There’s water in London’s Royal Docks!!


Really?  You don’t say!!

Not a deduction that is going to have Sherlock quaking in his boots it must be said but there has been a special bottle of water visiting the Royal Docks for the last 24 hours – the Totally Thames source to sea relay had arrived.

This particular water was taken from the source of the Thames in Gloucestershire and is making a 200+ mile trip using a variety of modes of transport and calling in at various locations along its journey to the sea, out in the Thames estuary.

The Crystal (6) @ Royal Docks 25-07-14

The bottle had arrived at the Crystal on the 39th day of its epic trip via a short hop on a Thames Clipper and then a ride on the cable car to arrive at its overnight resting point located in the Royal Docks.

Royal Docks (14) 25-07-14

The next day there was a quick chance for some photos for the album before starting the next leg of the relay.

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The bottle was about to spend a few days at the Thames Barrier but, in a late change to the plans, rather than going back across on the cable car to the river, the Sea Cadets from the Royal Victoria Docks Boat Station volunteered to take the bottle in their RIBs along the length of the docks and out on to the Thames via the lock at Gallions Point marina.

Sea Cadets RIBs approaching pickup point through Royal Docks

Sea Cadets RIBs approaching pickup point through Royal Docks

The handover of the S2S bottle takes place:

It was fitting that the bottle travelled through the docks as they are very much part of the history and future of the Thames, being full of Thames water. Now, whilst only connected via two locks at the Eastern end, previously there was a lock at the Western end effectively making Silvertown and North Woolwich an island.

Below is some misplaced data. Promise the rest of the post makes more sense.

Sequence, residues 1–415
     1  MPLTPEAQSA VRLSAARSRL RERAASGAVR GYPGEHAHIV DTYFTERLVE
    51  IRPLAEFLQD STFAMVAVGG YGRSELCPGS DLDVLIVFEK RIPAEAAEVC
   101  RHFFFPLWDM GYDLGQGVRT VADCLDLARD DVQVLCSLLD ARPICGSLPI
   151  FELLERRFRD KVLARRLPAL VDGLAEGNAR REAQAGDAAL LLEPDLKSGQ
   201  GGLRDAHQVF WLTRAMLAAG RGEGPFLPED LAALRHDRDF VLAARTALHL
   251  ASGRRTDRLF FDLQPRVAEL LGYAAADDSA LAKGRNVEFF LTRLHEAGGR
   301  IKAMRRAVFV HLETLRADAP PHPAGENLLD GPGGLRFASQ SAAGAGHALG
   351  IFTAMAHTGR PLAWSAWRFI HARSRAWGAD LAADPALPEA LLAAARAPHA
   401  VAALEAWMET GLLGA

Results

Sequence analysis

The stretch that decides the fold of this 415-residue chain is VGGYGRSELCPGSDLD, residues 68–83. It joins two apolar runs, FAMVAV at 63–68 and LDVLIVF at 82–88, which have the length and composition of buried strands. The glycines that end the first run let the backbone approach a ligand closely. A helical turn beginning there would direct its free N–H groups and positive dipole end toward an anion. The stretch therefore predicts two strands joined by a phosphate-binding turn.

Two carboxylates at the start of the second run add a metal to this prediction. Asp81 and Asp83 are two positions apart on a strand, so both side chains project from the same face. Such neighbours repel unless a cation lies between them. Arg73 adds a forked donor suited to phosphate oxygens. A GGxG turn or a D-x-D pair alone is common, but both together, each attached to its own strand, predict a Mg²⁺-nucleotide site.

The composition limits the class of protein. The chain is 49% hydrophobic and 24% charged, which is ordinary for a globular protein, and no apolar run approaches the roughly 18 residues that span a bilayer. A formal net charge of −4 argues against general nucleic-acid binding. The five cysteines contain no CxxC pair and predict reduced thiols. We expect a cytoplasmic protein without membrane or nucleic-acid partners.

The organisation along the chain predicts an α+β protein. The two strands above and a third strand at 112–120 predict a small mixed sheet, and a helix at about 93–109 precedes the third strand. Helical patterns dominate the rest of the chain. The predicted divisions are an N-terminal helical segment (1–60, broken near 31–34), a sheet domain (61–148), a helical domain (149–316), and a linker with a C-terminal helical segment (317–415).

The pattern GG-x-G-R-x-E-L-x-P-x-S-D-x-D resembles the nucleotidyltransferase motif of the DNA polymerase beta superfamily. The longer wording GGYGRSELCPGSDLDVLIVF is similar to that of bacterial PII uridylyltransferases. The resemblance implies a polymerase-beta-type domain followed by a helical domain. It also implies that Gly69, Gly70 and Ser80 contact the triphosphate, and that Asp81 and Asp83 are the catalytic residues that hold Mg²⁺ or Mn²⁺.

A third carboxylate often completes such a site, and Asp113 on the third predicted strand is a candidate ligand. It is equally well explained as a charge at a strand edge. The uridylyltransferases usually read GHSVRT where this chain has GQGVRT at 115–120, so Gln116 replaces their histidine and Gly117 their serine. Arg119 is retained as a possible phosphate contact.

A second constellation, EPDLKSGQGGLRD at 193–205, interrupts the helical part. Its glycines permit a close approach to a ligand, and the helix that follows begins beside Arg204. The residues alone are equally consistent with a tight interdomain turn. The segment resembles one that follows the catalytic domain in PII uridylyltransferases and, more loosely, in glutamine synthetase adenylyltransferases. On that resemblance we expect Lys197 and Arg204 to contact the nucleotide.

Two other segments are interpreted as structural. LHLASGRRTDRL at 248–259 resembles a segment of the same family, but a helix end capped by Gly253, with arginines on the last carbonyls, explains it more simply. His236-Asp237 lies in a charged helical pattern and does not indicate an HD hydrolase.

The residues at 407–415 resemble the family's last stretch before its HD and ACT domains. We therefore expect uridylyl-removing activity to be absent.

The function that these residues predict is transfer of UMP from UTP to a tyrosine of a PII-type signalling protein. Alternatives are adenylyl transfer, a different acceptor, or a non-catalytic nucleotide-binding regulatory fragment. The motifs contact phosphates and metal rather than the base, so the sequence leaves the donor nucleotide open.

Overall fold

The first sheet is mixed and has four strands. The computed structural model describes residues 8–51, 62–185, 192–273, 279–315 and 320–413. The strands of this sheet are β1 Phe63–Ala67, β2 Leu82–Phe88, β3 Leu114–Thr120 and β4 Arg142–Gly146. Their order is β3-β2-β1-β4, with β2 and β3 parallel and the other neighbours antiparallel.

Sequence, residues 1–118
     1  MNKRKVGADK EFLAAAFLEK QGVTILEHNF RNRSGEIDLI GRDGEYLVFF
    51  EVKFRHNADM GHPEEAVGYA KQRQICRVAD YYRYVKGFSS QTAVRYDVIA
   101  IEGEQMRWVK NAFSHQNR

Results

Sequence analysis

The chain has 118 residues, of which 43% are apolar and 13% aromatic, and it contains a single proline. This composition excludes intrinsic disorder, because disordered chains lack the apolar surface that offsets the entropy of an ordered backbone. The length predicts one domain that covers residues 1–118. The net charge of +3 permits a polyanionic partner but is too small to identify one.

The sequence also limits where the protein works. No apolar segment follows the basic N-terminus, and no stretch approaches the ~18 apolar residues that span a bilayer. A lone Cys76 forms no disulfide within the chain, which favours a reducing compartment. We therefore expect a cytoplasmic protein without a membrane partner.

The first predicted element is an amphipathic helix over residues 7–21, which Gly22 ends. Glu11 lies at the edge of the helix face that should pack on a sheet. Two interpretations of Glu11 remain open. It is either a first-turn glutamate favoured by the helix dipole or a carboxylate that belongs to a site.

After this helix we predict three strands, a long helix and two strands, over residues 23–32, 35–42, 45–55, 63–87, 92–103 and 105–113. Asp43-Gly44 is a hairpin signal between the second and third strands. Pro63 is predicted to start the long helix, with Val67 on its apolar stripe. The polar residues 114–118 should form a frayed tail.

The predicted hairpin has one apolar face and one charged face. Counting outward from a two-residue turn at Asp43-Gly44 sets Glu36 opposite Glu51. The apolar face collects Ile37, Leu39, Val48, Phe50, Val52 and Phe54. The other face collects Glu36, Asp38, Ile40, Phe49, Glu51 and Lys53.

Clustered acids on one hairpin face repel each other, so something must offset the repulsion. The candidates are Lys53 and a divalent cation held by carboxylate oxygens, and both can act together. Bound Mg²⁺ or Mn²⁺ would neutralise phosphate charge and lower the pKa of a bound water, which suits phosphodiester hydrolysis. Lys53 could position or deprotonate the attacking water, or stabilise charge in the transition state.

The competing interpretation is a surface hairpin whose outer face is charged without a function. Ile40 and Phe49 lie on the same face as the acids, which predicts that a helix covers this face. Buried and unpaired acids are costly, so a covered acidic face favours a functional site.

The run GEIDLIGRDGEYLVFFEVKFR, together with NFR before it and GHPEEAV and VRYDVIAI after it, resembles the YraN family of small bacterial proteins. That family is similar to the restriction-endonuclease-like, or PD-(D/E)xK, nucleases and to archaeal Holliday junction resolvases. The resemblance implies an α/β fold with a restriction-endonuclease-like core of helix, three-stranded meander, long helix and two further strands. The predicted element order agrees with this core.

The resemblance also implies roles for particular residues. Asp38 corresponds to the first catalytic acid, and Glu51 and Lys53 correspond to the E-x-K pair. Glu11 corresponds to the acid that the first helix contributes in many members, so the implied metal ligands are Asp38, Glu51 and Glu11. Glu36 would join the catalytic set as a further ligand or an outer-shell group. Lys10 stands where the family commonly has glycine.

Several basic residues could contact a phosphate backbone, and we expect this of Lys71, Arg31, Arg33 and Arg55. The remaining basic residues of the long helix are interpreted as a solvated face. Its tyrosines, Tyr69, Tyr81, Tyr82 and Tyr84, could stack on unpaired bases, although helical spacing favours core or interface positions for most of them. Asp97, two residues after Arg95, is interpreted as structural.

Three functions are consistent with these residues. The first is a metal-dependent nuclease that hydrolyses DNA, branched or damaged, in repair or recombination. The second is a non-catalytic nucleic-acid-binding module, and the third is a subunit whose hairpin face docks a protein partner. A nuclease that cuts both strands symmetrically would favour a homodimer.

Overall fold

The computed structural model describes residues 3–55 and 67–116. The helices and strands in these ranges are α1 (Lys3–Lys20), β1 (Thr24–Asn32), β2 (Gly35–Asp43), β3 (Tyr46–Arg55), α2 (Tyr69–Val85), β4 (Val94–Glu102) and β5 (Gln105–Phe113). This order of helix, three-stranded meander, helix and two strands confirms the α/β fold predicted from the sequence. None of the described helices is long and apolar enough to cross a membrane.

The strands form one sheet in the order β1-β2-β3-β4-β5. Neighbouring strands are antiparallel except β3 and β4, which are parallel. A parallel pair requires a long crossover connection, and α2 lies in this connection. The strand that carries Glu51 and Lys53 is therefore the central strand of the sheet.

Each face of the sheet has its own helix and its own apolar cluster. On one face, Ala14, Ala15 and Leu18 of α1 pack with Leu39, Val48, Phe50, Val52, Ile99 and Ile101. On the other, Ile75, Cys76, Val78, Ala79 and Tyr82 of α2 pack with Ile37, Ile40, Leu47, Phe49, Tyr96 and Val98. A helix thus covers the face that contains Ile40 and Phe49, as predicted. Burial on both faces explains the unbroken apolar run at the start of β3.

On the way through the docks the bottle passed the SS Robin – one of three, top-tier, historic ships in London – and then past London City Airport.

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Finally it was under the eastern road bridge passing close by the KGV lock where the Thames Festival’s HippopoThames was born.

Then it was out in to the River Thames for the bottle for a trip up to the Thames Barrier where it will spend a few days before heading off seawards on its special journey.

It was good that the source to sea relay came through the Royal Docks but it was a pity that there wasn’t more publicity of the event from the local organisations that have a remit to promote the area – a missed opportunity – hopefully they will try harder next time.

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One thought on “There’s water in London’s Royal Docks!!

  1. Pingback: The Thames & Royal Docks in 2014 – a retrospective | Dock, Lock and River

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